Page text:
How One NSFW Website Changed The World

August 2017Words by Mr Adam Welch

Illustration by Mr Giordano Poloni

For the past few years, author and journalist Mr Jon Ronson has been thinking about consequences. Particularly in relation to how we behave online. It’s a line of thought that was sparked by the writing of his 2015 book So You’ve Been Publicly Shamed, which told the stories of men and women whose minor missteps became inflated to life-ruining proportions thanks to moral outrage on social media. In these cases, of course, he discovered that the consequences of a transgression in the digital age can often become far more severe than the transgression itself. But while talking to people who persecuted the transgressors, he discovered something else: that for the most part, we don’t like to seriously think about the consequences of what we do online.

“I interviewed this guy – a Gawker journalist – who started an online onslaught against this woman,” he says. “I asked him how it felt to have started this, and he said it felt ‘delicious’. And then he said, ‘But I’m sure she’s OK now, I’m sure she’s fine.’ I happened to know that she wasn’t.”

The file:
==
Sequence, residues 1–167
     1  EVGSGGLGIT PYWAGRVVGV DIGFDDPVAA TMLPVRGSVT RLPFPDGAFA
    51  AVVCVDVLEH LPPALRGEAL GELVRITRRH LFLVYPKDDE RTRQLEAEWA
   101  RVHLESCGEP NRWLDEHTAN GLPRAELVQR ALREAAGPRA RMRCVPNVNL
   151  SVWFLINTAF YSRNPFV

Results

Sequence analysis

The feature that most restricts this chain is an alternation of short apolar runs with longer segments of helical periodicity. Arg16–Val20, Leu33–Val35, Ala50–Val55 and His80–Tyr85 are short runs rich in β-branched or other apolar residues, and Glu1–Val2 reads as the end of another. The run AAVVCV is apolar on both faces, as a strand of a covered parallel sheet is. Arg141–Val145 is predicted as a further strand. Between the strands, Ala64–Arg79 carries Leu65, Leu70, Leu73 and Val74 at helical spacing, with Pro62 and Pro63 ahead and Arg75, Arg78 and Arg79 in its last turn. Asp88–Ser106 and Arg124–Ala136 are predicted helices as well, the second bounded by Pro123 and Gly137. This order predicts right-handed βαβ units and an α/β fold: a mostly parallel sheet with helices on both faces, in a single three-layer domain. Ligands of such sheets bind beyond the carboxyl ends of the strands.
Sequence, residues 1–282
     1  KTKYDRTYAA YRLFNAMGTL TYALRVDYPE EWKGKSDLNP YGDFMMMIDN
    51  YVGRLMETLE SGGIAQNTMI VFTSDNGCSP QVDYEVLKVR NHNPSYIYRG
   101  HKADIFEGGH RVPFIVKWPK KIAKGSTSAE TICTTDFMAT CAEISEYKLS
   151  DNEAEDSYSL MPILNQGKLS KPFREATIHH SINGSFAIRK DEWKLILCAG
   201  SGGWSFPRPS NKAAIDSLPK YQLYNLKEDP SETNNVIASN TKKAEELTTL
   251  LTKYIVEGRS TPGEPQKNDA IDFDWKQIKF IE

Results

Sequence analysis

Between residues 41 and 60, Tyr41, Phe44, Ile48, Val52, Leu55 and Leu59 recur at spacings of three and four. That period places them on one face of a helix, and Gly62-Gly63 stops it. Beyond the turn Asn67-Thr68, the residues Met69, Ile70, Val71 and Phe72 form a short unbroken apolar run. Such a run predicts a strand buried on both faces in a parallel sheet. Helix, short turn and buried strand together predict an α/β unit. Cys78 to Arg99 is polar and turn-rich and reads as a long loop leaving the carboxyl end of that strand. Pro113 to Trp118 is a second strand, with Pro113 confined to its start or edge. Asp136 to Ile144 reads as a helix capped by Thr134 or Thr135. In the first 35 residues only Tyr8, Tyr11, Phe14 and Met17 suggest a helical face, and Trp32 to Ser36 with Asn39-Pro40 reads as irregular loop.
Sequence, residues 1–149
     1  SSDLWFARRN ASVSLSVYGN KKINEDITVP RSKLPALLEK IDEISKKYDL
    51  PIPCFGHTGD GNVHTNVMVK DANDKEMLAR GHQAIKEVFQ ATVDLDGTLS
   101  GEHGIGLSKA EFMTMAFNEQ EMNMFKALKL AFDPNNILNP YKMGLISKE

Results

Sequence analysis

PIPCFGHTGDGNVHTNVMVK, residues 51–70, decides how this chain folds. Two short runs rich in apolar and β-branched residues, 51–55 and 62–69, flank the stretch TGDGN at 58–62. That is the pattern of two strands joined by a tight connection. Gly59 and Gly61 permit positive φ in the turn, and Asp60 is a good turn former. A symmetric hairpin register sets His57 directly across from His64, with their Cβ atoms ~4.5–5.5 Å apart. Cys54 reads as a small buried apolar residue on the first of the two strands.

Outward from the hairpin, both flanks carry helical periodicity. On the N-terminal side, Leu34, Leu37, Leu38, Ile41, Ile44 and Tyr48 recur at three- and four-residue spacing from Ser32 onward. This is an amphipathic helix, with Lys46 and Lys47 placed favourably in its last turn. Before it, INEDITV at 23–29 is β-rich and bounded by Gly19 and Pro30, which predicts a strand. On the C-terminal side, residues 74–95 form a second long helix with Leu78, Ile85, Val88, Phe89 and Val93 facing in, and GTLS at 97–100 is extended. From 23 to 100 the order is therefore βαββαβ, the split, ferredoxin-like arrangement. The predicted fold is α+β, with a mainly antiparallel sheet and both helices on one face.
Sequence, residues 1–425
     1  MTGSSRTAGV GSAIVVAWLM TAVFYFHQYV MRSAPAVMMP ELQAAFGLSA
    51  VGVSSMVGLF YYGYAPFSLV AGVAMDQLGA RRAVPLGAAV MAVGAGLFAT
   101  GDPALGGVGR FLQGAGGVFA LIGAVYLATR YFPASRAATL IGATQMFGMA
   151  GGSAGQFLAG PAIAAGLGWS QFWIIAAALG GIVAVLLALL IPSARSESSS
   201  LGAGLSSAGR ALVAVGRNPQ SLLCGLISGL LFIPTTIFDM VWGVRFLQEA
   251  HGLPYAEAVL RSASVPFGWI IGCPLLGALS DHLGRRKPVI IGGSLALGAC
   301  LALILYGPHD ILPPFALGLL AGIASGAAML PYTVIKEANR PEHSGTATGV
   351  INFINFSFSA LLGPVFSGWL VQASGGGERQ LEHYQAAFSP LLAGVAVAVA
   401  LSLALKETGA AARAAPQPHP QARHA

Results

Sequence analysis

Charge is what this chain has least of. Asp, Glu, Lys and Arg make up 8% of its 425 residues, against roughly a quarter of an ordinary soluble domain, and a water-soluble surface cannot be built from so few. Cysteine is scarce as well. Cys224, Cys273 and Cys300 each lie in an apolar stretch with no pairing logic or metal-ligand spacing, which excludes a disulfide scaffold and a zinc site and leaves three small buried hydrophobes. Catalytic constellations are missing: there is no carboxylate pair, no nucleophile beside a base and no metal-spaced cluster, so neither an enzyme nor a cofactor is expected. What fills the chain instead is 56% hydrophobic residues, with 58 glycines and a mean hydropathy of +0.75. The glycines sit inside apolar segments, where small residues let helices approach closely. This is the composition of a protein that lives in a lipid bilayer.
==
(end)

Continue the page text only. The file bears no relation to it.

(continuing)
And so we come to Mr Ronson’s latest project, The Butterfly Effect, an original audio documentary for Audible, which focuses on a particularly uncomfortable set of consequences: the enduring influence of free, streaming online porn, and particular, the website Pornhub. Starting with an interview with Mr Fabian Thylmann – a German tech mogul who from 2010 turned Pornhub into the world’s largest and most influential adult website – Mr Ronson spends the series’ seven-episode run talking to people whose lives have been deeply affected by the presence of free (and pirated) online porn, from the obvious (the performers and producers, many of whom are making one-off bespoke films for private clients to make ends meet) to the less so (the family of a Southern Baptist pastor; a Norwegian stamp collector; a manufacturer of lifelike sex dolls). The stories he uncovers are not only weird and fascinating, they’re often strangely touching, tempered as they are by Mr Ronson’s charming curiosity and uncanny ability to get people to open up, even about this, somewhat sensitive topic. Below, he talks to MR PORTER about making the series.